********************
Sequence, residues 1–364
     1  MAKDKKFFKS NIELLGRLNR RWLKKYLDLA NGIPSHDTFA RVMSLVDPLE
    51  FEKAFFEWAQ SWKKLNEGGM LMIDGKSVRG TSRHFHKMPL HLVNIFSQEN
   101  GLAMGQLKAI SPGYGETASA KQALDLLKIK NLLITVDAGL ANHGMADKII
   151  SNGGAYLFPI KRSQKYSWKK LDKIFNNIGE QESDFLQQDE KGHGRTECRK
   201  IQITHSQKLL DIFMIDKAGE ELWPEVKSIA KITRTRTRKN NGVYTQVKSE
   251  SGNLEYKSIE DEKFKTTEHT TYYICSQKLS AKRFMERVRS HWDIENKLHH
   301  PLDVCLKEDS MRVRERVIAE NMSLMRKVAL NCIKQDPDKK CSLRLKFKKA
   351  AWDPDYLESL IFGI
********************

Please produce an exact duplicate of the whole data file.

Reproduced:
Sequence, residues 1–364
     1  MAKDKKFFKS NIELLGRLNR RWLKKYLDLA NGIPSHDTFA RVMSLVDPLE
    51  FEKAFFEWAQ SWKKLNEGGM LMIDGKSVRG TSRHFHKMPL HLVNIFSQEN
   101  GLAMGQLKAI SPGYGETASA KQALDLLKIK NLLITVDAGL ANHGMADKII
   151  SNGGAYLFPI KRSQKYSWKK LDKIFNNIGE QESDFLQQDE KGHGRTECRK
   201  IQITHSQKLL DIFMIDKAGE ELWPEVKSIA KITRTRTRKN NGVYTQVKSE
   251  SGNLEYKSIE DEKFKTTEHT TYYICSQKLS AKRFMERVRS HWDIENKLHH
   301  PLDVCLKEDS MRVRERVIAE NMSLMRKVAL NCIKQDPDKK CSLRLKFKKA
   351  AWDPDYLESL IFGI